Revise history #2:

Obviously, the idea was to go back at a later date and make those tax cuts permanent. But things didn’t go according to plan. And now the witching hour is upon us.

Actually, this was the plan, to wait until 2010 and then press for making these policies permanent, not to try to do so earlier. We knew in 2001 that a looming unpopular tax increase would maximize pressure on the fence-sitters, and that by ending them in an even-numbered year we would maximize the chance that in-cycle Members of Congress would vote to prevent a tax increase. Tax-increasing DC Democrats knew this as well, and they could have scheduled this vote last year when they would have had a better chance of winning. Or had they enacted a budget resolution conference report this year, they could have created a reconciliation bill that would have allowed them to get their policy win with only 50 Senate votes + the VP. Because they failed to enact a budget resolution and create a reconciliation bill, they must now wrestle with an Senate minority that has significant leverage. Democrats gave Senate Republicans this leverage by failing a basic task of governance.

Ignore the biggest part of the deficit effect:

According to the nonpartisan Tax Policy Center, making all of the Bush tax cuts permanent, as opposed to following the Obama proposal, would cost the federal government $680 billion in revenue over the next 10 years.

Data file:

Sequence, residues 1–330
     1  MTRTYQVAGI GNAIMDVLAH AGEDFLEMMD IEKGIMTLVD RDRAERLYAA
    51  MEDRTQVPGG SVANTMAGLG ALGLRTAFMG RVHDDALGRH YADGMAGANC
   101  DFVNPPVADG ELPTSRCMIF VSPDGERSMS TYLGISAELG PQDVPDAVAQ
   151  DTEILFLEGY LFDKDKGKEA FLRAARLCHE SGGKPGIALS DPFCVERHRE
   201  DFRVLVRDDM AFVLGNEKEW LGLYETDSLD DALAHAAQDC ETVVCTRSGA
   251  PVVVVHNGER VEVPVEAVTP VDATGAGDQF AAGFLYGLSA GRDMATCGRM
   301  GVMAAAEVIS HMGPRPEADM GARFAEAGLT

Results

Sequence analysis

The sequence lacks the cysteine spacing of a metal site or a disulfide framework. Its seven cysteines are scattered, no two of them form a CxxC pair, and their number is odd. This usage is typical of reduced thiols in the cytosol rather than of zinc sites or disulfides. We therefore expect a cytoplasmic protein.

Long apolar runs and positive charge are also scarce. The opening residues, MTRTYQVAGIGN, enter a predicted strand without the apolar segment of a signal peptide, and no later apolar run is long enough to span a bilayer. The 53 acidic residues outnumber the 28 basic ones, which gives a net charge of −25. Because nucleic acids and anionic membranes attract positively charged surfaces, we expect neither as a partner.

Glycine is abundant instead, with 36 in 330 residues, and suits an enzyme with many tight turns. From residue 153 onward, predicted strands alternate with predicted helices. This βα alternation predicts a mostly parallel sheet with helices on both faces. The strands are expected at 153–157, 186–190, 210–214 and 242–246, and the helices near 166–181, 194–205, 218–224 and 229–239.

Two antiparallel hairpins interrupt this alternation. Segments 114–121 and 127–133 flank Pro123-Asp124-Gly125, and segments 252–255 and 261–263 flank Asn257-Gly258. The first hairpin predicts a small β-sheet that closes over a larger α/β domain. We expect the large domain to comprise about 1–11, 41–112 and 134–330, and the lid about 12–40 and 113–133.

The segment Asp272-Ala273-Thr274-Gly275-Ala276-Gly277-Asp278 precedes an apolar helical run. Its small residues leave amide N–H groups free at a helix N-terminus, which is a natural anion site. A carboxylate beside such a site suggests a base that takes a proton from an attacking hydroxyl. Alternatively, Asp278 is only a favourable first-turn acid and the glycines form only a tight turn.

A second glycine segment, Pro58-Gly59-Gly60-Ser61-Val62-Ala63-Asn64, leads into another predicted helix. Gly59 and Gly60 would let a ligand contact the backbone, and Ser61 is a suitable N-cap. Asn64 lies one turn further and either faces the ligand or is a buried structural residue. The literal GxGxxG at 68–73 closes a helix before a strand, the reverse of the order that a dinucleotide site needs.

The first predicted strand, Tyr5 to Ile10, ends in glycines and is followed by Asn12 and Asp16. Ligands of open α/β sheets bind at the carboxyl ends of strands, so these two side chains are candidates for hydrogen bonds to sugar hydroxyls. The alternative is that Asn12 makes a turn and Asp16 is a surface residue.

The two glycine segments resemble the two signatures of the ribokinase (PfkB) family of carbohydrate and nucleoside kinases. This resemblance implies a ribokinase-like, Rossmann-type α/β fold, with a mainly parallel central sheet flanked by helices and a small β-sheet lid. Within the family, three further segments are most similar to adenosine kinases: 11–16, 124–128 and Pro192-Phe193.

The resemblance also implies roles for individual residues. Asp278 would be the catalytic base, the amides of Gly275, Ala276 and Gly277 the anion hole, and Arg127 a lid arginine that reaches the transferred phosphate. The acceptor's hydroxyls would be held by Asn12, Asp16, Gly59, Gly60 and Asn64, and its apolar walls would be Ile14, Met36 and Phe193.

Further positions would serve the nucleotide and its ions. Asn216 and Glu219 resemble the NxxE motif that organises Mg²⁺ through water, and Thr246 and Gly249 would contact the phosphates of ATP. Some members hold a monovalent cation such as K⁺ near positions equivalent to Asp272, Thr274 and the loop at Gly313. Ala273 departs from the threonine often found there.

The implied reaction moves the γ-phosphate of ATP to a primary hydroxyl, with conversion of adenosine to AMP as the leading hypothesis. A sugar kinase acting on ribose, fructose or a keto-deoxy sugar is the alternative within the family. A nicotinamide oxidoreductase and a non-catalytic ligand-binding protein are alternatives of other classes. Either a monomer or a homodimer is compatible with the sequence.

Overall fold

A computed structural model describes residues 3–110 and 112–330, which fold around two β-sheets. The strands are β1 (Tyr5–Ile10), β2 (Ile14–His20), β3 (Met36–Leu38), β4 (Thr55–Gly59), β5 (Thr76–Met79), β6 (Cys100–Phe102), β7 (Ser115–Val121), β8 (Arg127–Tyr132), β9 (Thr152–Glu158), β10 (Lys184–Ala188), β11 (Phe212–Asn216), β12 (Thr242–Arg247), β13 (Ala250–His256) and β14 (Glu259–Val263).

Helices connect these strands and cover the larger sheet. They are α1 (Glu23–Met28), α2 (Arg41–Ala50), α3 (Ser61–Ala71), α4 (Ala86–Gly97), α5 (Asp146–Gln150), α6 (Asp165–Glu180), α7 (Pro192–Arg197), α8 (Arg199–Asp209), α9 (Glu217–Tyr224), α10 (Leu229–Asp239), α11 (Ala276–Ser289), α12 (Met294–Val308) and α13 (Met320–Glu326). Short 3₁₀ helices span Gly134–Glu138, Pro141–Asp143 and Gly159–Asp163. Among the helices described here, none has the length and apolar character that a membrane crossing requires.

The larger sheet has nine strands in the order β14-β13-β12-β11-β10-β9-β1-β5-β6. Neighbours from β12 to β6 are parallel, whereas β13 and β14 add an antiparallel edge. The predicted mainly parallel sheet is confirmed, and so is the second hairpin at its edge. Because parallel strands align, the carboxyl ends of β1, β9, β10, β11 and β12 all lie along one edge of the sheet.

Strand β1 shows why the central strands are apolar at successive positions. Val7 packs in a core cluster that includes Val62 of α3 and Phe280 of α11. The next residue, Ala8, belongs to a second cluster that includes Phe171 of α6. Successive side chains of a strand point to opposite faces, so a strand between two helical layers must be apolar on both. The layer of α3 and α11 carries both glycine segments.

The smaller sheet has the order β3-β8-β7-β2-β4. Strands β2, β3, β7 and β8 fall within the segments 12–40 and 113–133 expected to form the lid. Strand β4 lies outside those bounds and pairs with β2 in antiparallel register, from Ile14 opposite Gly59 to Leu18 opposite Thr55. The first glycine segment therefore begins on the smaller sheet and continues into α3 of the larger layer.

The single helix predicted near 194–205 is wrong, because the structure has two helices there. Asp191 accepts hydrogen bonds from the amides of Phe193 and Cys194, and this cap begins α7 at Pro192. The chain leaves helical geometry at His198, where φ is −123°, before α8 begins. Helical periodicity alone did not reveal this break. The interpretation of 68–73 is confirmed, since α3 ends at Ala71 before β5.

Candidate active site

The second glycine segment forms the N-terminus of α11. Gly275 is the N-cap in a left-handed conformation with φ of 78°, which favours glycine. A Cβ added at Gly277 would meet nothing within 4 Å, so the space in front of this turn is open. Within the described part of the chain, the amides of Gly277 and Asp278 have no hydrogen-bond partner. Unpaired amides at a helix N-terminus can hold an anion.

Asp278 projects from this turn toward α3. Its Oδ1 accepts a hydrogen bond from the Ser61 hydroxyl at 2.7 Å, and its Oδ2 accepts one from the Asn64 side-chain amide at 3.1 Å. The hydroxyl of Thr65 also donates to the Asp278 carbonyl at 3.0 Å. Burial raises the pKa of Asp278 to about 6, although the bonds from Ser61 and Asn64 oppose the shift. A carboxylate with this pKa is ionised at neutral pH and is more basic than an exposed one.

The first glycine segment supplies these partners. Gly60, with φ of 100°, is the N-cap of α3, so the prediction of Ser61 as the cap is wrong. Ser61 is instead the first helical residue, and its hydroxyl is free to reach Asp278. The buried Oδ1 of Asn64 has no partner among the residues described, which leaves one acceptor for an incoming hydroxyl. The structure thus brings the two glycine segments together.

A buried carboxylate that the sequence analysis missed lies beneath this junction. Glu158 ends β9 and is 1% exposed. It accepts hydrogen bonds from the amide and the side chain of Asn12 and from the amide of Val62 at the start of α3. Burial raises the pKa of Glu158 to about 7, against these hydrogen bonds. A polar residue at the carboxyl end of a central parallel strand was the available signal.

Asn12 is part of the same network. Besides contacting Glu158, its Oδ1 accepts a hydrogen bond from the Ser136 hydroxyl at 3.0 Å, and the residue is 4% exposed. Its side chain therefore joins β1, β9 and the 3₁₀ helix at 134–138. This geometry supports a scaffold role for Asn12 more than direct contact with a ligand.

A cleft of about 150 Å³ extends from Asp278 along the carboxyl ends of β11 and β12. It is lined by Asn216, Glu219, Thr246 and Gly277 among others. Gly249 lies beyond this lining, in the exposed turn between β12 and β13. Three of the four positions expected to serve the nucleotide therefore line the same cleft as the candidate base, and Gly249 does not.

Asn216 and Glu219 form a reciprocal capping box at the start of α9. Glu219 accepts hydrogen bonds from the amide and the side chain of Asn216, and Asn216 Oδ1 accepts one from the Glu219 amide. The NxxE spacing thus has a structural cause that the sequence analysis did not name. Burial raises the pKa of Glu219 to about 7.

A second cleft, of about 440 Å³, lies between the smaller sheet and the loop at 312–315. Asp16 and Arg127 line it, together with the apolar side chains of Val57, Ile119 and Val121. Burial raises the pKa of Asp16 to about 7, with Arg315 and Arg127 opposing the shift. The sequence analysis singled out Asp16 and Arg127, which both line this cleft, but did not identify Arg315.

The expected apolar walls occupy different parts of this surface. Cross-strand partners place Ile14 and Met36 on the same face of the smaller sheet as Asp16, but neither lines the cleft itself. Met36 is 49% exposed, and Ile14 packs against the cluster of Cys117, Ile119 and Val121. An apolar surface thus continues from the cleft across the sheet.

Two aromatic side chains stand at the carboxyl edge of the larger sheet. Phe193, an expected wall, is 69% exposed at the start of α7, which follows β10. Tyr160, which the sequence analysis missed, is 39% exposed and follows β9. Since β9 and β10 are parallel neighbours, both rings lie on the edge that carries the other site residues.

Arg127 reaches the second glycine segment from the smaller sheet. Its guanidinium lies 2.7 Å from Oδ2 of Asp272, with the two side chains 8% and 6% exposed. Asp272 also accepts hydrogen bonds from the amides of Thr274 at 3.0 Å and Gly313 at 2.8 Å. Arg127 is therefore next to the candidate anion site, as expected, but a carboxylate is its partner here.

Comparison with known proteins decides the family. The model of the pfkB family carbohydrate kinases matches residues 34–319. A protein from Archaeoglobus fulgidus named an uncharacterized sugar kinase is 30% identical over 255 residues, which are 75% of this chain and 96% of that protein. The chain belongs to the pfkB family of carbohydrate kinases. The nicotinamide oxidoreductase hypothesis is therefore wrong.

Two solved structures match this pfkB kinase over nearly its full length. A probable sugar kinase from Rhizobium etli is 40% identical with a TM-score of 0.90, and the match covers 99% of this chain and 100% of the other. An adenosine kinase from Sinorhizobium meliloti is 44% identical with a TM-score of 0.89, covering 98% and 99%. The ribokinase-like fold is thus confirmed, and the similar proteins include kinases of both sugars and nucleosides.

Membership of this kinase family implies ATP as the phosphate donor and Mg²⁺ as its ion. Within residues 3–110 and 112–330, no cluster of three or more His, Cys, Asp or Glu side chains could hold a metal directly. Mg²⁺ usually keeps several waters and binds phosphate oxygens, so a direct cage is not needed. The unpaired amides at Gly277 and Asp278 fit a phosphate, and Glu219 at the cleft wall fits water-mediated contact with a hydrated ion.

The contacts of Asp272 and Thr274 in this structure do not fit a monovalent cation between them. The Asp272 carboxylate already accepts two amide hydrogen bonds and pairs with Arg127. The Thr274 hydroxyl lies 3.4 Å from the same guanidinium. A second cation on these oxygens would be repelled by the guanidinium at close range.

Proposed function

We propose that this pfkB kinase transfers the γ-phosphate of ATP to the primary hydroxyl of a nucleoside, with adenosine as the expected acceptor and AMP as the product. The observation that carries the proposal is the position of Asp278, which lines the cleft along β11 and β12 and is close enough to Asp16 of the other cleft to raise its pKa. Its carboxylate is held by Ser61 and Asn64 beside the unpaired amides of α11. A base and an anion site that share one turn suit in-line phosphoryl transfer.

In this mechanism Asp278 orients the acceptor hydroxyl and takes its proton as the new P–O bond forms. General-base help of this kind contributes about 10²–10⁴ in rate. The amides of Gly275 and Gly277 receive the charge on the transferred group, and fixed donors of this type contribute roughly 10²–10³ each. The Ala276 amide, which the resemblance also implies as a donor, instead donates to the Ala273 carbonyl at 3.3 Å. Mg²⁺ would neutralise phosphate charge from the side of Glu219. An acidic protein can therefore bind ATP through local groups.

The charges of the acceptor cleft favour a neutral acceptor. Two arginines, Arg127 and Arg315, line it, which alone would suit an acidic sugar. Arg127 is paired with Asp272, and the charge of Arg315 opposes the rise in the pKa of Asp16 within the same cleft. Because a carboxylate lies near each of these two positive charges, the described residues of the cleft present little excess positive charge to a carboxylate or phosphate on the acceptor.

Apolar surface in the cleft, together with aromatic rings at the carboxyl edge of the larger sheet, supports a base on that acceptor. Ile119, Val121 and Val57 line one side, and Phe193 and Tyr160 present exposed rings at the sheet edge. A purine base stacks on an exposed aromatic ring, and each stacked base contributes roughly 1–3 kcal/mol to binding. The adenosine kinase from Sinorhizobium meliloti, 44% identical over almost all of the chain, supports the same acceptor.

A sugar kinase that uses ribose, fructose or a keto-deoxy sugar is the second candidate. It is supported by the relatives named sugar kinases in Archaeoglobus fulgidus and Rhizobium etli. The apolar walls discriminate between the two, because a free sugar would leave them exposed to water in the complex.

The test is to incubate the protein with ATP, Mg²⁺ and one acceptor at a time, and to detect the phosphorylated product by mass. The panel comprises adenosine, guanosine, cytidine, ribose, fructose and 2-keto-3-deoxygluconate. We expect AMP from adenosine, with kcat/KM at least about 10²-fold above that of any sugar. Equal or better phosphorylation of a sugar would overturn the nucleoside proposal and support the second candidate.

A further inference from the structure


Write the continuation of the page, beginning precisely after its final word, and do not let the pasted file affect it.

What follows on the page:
I’m not sure why he quotes the TPC’s $680 B figure when the Administration’s $970 B figure is larger. He focuses on the deficit delta between the two sides while ignoring the deficit-increasing effect of the tax policies President Obama has proposed. Setting aside the President’s AMT policy for a moment, and using Dr. Krugman’s language with Treasury’s numbers, he also could have written that “the Obama proposal to extend the Bush tax cuts for everyone but the rich would cost the federal government $3.1 trillion over the next 10 years.” The $680/$970 B delta between the two sides of this debate is a lot of money and an important policy difference. At the same time, if you’re worried about budget deficits, you shouldn’t ignore the much larger $3.1 trillion deficit effect that is not in dispute between the parties.

Focus on the super-rich while pushing a policy that also taxes the sort-of-rich:

And where would this $680 billion go? Nearly all of it would go to the richest 1 percent of Americans, people with incomes of more than $500,000 per year. … the majority of the tax cuts would go to the richest one-tenth of 1 percent.

Yes, the super-rich make a lot more than the rich. This is a feature of pre-tax income, not of tax policy. Thanks to our progressive income tax structure, the post-tax distribution of income is more compressed than the pre-tax distribution. The 2001 and 2003 tax cuts increased this compression. The post-tax distribution is still wide. The super-rich are still that way even after the government takes a greater share of their income than it does from the non-rich.